African Geographical Review
Volume 29, Issue 1, June 2010
Assessing Sub-Saharan Africa’s University-Level Geography Resources: A Preliminary Investigation
William G. Moseley (Macalester College, USA) and Kefa M. Otiso (Bowling Green University, USA)
Remarkably few studies have been undertaken to assess the level of university geography resources within Sub-Saharan African (SSA) countries. While reviews of the state of geography have been done in some African countries, none have been attempted at the continental scale. Such assessments are a starting point for beginning to understand whether or not African students and governments have adequate access to sufficient amounts of geographic knowledge, perspectives and techniques; skills which are increasingly crucial for surviving in a world dominated by rapid change. This study presents and analyzes a simple inventory of geography programs in SSA. The spatial distribution of geography programs across the continent is assessed, as well as the rank of countries in terms of their university-level geography programs. The authors further seek to explain the observed distribution of geography programs and comment on some broader historical trends within academic geography on the continent.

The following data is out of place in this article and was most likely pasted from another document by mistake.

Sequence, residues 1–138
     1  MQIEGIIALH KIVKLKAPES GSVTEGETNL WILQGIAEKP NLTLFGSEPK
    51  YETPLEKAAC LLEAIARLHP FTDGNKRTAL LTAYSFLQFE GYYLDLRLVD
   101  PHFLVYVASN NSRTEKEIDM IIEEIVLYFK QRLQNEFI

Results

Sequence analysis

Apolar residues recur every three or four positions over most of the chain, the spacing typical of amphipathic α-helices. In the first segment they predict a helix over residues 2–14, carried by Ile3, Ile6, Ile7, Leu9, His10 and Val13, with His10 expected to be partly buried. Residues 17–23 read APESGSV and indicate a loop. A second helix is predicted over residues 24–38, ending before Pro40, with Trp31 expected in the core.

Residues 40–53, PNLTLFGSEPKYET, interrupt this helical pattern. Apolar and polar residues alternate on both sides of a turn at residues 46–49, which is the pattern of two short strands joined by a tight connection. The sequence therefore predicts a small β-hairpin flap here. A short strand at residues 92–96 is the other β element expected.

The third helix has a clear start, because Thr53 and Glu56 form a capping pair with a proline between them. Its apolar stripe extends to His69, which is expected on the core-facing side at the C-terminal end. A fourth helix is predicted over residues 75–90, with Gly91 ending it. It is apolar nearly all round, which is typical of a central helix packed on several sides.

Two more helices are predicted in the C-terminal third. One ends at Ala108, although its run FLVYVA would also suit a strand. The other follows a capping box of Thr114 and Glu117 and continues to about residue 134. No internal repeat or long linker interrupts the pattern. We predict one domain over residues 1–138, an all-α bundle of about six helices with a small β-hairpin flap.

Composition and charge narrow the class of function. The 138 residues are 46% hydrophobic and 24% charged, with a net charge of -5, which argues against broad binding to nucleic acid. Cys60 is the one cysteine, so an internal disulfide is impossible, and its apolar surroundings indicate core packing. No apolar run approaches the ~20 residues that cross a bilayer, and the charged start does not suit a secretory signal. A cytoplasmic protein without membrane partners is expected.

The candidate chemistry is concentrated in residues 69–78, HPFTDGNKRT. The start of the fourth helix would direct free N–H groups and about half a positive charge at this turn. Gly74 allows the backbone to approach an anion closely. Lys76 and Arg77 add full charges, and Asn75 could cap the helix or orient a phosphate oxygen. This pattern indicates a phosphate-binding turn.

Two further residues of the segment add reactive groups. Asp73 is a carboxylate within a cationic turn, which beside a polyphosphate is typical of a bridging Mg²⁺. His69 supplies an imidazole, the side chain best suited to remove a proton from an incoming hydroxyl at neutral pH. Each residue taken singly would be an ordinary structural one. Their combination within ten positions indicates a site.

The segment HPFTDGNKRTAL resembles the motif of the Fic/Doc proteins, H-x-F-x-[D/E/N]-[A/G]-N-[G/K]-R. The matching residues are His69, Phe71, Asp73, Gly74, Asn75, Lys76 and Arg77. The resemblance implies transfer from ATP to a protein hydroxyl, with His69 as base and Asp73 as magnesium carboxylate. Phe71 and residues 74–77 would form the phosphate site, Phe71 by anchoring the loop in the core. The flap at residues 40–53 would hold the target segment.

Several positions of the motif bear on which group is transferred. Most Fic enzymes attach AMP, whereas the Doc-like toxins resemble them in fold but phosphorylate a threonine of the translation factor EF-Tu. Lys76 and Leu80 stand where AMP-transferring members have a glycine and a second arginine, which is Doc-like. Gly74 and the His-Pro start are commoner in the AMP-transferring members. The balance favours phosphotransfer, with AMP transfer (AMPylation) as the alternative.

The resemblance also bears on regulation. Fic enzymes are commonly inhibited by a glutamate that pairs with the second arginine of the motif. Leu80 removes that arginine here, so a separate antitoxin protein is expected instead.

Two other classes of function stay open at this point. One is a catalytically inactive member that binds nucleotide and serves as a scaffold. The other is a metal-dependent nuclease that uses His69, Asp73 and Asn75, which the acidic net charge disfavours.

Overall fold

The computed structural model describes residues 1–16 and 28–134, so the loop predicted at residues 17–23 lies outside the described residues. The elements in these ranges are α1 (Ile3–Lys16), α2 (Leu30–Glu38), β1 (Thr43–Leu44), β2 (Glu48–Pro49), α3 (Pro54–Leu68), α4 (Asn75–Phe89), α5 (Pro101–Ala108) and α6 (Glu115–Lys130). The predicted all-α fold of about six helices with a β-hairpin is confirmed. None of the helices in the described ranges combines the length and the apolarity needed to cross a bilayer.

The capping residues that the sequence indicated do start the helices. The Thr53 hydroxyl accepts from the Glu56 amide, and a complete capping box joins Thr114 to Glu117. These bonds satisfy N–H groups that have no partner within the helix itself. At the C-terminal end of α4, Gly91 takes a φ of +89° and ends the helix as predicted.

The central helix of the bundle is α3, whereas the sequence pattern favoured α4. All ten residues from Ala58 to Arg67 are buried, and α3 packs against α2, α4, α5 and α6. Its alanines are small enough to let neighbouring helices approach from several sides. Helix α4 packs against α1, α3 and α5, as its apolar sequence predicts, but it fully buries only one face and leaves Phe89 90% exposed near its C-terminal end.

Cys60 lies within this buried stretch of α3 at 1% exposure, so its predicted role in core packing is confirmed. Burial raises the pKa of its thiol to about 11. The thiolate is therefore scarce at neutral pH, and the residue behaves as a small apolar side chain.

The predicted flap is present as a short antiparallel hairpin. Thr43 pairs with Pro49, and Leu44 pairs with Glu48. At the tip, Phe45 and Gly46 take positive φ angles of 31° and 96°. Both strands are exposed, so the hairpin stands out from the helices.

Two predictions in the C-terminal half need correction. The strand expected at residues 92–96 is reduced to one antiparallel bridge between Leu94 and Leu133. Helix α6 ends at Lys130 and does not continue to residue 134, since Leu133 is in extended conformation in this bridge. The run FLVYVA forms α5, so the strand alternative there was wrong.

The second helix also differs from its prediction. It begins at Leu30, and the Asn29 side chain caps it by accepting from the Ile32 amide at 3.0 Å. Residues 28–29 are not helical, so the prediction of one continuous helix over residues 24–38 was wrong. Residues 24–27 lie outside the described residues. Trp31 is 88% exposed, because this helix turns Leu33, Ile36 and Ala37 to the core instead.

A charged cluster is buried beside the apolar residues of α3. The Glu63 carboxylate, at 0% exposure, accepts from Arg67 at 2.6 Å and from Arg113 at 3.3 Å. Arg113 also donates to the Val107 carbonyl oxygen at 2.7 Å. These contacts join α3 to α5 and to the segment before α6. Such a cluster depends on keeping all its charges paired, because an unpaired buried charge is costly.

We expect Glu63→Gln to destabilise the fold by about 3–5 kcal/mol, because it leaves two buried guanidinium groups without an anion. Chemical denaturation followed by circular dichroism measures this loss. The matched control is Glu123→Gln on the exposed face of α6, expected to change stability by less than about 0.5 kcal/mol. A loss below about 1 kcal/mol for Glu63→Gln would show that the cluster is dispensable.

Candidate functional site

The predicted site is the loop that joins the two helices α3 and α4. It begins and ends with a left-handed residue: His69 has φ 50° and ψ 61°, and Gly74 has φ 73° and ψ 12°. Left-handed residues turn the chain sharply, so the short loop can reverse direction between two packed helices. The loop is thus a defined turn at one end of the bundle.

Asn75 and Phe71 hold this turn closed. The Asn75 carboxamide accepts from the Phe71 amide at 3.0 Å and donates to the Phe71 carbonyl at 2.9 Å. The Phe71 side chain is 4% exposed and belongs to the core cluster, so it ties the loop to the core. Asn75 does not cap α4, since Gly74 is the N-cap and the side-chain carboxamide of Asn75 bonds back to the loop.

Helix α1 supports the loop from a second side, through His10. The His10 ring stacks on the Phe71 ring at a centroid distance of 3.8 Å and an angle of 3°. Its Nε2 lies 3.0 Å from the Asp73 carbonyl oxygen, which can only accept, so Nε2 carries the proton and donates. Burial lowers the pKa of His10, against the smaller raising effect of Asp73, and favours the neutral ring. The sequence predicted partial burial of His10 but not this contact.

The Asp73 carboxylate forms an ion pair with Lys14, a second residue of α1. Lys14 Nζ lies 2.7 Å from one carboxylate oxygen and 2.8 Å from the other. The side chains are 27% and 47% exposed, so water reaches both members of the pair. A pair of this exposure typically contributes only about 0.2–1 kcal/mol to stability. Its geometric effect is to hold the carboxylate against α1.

Key words: African geography programs, African universities, colonialism and geography
The analysis, maps and tables in this editorial are based on a preliminary inventory of geography and geography-related departments in Subsaharan Africa compiled in the January-April 2010 period.